The Fatherland, Motherland, Auntland and Uncleland
July 1, 2008
Gosh it’s good to be back at the blog! I’ve been Snippeting and Found Objecting with glee, and now I’m going to blab some more about our trip. The knitting must wait a little more. (I said I knit 3 baby sweaters; I didn’t say I sewed the ends in.)
Stop 2 in Germany is tricky to write about in my typical breezy style. (Moi? Breezy?) It was a wonderful time, but of the tender-moment, not the loads-of-laughs variety. It was a visit to the town Hubby’s father’s family had to leave in 1938. The extended family had lived for several generations as proud Germans in a small community in which Christians and Jews had coexisted peacefully since 1724. It’s a sad story even though, for this family, it had a sweet ending in New York. (Where, among other things, fabulous girls from Nebraska and the Bronx were waiting to marry the boys of the next generation. Hey, I have to make a footnote for me and Aunt Kathy in this story.)
Like some other German Jews, this family revived some of their connections shortly after the war. Despite everything, and not without mixed emotions, they retained a fond feeling for their old home. In recent times, that feeling is being validated, in large part by people who were not even born until after the bad times, and who, it seems, are trying to understand what happened by documenting it.
(The only knitting in this portion of our travelogue is the knitting you should assume I am doing pretty much constantly, to the eyerolling of my companions: baby sweaters in Rowan Denim. There was cabling; there were blue fingers; a twig did duty in as cable needle; I had a fantastic time. )
A few highlights in pictures:
The Jewish cemetery, a place of peace. A shambles in the 1960s, the stones have been restored, and today are maintained by volunteers. They open the gate each day in case there are any visitors. It’s a lovely spot, frozen in time, in the heart of town. Joseph got to stand in front of the marker of his ancestor Josef, which was not creepy at all. (Funnily enough, this practice– grave-visiting as family outing–was also a tradition of Die Gardiners aus Omaha. Loading up the aunties’ Corvair with peonies in coffee cans, reading the out of style names on the stones: good times.) Our guide– a high school history teacher who met us there out of kindness–knew more about how we were related to people than we did.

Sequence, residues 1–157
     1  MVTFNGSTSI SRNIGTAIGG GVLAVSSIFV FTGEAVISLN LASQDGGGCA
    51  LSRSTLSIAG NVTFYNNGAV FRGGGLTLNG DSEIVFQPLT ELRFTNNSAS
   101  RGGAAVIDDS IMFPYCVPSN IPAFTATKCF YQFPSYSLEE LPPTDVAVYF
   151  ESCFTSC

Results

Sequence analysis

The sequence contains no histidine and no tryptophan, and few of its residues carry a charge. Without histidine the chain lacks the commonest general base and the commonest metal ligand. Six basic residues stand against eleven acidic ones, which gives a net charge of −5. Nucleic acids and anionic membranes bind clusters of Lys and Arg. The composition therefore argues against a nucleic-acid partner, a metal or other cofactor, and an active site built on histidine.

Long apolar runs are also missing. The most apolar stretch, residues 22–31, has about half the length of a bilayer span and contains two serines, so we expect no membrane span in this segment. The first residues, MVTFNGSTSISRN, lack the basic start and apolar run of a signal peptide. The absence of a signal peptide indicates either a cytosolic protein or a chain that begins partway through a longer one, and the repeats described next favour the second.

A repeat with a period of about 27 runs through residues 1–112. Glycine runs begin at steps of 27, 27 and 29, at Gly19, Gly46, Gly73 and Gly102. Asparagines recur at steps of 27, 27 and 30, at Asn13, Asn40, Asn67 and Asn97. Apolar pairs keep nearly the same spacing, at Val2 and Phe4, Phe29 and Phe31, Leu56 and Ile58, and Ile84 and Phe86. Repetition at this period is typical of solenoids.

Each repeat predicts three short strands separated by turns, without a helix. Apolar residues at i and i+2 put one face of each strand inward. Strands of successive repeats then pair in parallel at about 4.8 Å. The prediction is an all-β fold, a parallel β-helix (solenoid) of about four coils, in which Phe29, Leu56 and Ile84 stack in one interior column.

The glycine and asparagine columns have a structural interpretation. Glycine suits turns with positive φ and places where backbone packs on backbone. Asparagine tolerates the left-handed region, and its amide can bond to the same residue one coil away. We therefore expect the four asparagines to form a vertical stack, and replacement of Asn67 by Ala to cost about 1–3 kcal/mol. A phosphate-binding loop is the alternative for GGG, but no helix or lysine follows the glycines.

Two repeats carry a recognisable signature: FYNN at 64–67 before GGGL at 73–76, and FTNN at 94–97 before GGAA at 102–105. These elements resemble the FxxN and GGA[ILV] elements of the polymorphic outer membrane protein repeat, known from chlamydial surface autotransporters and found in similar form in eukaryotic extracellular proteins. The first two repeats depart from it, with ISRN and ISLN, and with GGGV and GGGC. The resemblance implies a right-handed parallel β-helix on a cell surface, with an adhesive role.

Several markers (including this memorial to “our sons”–Jewish soldiers lost in the first world war) were designed by the Art Nouveau designer Friedrich Adler, a native of the town who perished in Auschwitz in 1942.
The running track. (The kids are in mid-air because the track was named to honor a cousin who high-jumped her way onto the 1936 German Olympic team, but was kicked off before the opening ceremonies.)
Homes of extended family members; these houses were the first housing for Jews, built by the nobles who allowed them to stay in the town, initially by paying for the privilege.
Some of the houses are in more or less original condition, and one has been repurposed as a public music school.
When we stuck our heads into Aunt Ruth’s childhood bedroom, there was a flute lesson going on, which she would like. She would love the posters of Louis Armstrong and Yo-Yo Ma, and the kids skidding into the parking lot on bikes, instruments strapped to their backs. It’s a happy place.
Music is fine, but a chance to visit the wig factory? Sign us UP. Surprisingly, none of the youngsters expressed any longing to be in ye olde family business. Something to do with the aroma of stewing hair, I think? (Yes, the shade swatches reminded me of yarn. If only the family had been in garn instead of haar–where did the dyeing talent go?)
So what if it’s a short street in a small town: it’s our street, dangit. We haven’t been able to get a street anywhere else yet, so this one is just fine. First exit off the roundabout, or you’ll miss it.
A long day ended in awe with a visit to The Museum of the History of Christians and Jews, which was started in 1994 but was new to us. For a town this size to have such a museum was stunning. (We were particularly enamored of one of the items on display. A wig catalog. A really beautiful wig catalog. Wigs R Us.)
I’m going to get Hubby working on an indigo vat, to see if he’s got the chops. I think it’s premature to start winding off hanks of linen for that.